Department of Police and Emergency Management (DPEM) (Tasmania Police)
Police officers from Tasmania Police improved their eating habits with the introduction of a Soup Program which aimed to increase the healthy meal and snack options available to shift-workers.
The challengeResearch conducted by Tasmania Police shows police officers are generally sedentary at work due to significant desk-based and shift work.
“Instead of walking to a co-worker’s office down the corridor to communicate, we are more likely to send them an email,” says Dr Cooley of the University of Tasmania.
The workplace health program at Tasmania Police aims to:
- Improve the healthy eating habits and physical activity levels of the workforce
- Address the sedentary issues around desk-based work facing some of its workforce
What we did
- Provided the option of buying microwavable, pre-prepared soups as an alternative to fast-food options
- Developed a computer based program that reminds and encourages desk based workers to move regularly
“At two in the morning healthy food can be virtually impossible to find,” says Mike Cosgrove, Manager of Occupational Health and Safety, Tasmania Police.
The aim of the Soup Program was to improve the eating habits of officers. The impetus for this initiative came from two recent studies into the health and fitness of police officers (Pacing the Police and Good Fuel for Police). These studies found officers who work shifts out of regular hours do not always have access to healthy food options.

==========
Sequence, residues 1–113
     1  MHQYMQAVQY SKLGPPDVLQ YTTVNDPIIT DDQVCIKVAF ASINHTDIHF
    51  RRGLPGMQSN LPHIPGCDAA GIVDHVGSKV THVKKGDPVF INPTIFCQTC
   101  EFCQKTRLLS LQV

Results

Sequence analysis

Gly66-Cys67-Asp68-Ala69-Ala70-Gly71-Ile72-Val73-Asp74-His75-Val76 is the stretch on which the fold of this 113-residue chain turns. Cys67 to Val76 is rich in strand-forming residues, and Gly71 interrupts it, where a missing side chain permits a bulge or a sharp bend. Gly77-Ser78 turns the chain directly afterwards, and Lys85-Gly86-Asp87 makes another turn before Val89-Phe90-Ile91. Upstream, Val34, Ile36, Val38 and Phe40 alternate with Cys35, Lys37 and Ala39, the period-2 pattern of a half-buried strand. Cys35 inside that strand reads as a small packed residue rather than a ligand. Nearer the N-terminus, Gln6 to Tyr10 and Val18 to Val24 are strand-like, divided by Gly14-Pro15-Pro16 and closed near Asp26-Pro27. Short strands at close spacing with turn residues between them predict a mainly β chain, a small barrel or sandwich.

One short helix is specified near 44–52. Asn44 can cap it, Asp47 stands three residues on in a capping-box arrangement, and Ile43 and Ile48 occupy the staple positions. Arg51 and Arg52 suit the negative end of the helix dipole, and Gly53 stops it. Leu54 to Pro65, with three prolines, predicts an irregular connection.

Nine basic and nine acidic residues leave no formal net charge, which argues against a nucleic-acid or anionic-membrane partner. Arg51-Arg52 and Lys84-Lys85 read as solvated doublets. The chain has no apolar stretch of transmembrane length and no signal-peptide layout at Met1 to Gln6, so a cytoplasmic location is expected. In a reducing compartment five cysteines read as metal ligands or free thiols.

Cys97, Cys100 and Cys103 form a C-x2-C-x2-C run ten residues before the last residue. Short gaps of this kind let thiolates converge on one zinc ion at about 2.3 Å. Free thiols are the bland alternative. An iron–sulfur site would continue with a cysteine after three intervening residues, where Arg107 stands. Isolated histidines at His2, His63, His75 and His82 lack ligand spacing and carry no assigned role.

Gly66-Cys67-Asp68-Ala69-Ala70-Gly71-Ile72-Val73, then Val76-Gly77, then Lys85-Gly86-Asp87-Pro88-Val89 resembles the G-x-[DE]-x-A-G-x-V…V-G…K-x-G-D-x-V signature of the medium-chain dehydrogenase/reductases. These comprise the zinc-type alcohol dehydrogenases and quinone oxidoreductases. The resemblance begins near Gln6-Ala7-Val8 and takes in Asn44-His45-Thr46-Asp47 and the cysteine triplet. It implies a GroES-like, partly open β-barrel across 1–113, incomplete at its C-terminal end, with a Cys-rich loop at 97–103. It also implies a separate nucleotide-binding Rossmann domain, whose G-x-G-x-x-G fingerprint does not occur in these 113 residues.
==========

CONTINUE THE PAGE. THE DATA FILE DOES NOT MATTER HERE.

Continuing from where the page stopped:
In recognition of this, the program increased the healthy meal and snack options available by providing microwavable, pre-prepared soups as an alternative to fast-food options. The Department of Health and Human Services Community Nutrition Unit assisted in the development of the program.
Outcomes of the Soup Program
- Officers are now more likely to bring their own soup or other prepared meals as opposed to eating fatty take-way meals
- Based on the success of the Soup Program, the Department aims to roll it out to every major police station in Tasmania
Exertime ProgramThe Exertime program was launched in May 2010, involving 60 participants over a 12 month period. The program provides a reminder that encourages the participant to stand up and undertake one of 65 activities ranging from push ups to chair lifts. Exertime activities take on average, one to two minutes to perform, throughout the workday, occurring 10 to 12 times. The employee then logs their progress by entering it into a computer.
Outcomes of the Exertime ProgramThe participants’ progress was evaluated through pre-trial and post program questionnaires and cholesterol counts. Key outcomes include:
- A significant decrease in blood pressure, cholesterol and triglycerides following the intervention;
- Reported increases in both physical and mental health; and
- A reduction in the number of musculoskeletal complaints and work-related soreness.